After yet another disastrous winter and the high farce surrounding the announcement of ‘The Hundred’, most people assumed that things couldn't get all that much worse for English cricket – how wrong they were.
May is traditionally a happy hunting ground for England, an amuse-bouche of an often slightly under-prepared, lower ranked team, in helpful early season conditions, to get the side revved up for more challenging opposition later in the summer.
Before the start of this match, most people assumed that this Pakistan challenge would be gobbled up with relatively ease, instead England have managed to choke on it and then spit it all over their trousers.
Perhaps the only consolation for a beleaguered Joe Root after this chastening defeat, which didn't even make it to the end of the first session on Day Four, is that this team is running out of ways in which things could possibly get worse.
There are leaks all over England’s ship and they continue to struggle to plug them. The role of Alastair Cook’s opening partner now appears more cursed than Spinal Tap’s drummer, and Mark Stoneman does not currently look like a man capable of breaking that hoodoo.
He has had a diabolical start to the county season and that has unsurprisingly followed him into the international arena, here unable to repay the faith the selectors had in him to the extent that dispensing with him would appear akin to a mercy killing at this point.
Another man who looks on borrowed time is Dawid Malan, that Ashes century seems a long way away now, while that modest first class record seems increasingly relevant and England’s middle order remains as flaky as it has been for what feels like an eternity.
As anyone who watched English cricket in the 90s can testify, knee-jerk selection changes are usually a poor idea, and yet with Stoneman and Malan it seems increasingly unlikely that, through current form or technique respectively, either is destined for a prolific summer and the kindest thing would be to replace them before long.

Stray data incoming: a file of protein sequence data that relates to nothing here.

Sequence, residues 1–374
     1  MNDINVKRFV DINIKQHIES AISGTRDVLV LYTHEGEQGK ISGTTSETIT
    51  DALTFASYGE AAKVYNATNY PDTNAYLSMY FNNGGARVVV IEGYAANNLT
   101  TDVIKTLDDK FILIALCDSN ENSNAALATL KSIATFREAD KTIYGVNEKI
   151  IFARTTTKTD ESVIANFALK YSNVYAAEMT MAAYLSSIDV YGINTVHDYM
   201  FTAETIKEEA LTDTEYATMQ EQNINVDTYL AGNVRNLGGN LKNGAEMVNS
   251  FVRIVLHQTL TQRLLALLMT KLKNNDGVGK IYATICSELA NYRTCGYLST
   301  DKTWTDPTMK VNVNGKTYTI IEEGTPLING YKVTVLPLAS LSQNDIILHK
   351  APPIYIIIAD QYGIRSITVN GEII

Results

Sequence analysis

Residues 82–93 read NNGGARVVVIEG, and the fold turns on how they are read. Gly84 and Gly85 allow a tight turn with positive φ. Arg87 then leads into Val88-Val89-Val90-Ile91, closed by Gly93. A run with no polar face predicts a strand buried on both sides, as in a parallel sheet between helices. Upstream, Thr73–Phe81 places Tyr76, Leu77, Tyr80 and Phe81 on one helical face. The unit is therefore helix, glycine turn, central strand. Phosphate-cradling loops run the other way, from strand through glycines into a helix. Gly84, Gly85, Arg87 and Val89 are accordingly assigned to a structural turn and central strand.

In a reversal of the expected order of things, England were disastrous in the field in this Test, chances missed and catches put down with the sort of tragicomic regularity usually so championed by Pakistan – as it was their opponents could scarcely have looked sharper.
In fact in almost all areas, Pakistan were everything that England were not. It was they who made the most of the bowling conditions to skittle England for a modest first innings score, they who refused to succumb to the panic of yet another batting collapse every time they lost a key wicket and they who produced an all round team performance to comfortably outplay underprepared-looking opponents.
It says a lot that one of the few bright spots for England was the performance with the bat of a 20-year-old off spinner on Test debut, that is not how things are supposed to work, particularly on home turf.
"We've got to give it time to work,” said Root in a press conference after the game, but for now they have four days until the next Test at Headingley, time they’re going to need to make the most of if things aren't going to continue to spiral ominously downwards.
Find latest and upcoming tech gadgets online on Tech2 Gadgets. Get technology news, gadgets reviews & ratings. Popular gadgets including laptop, tablet and mobile specifications, features, prices, comparison.
The PCB announced that Misbah and Waqar have resigned and that former Pakistan Test players, Saqlain Mushtaq and Abdul Razzaq would be interim coaches for the time being.
Azam Khan's selection over former captain, Sarfaraz Ahmed as reserve keeper and batsman in the T20 squad came as a shock to many in the Pakistan cricket circles.
Root scored 507 runs in three Tests against India in August, including three important centuries and the form propelled him to the top of the Test Rankings for batters.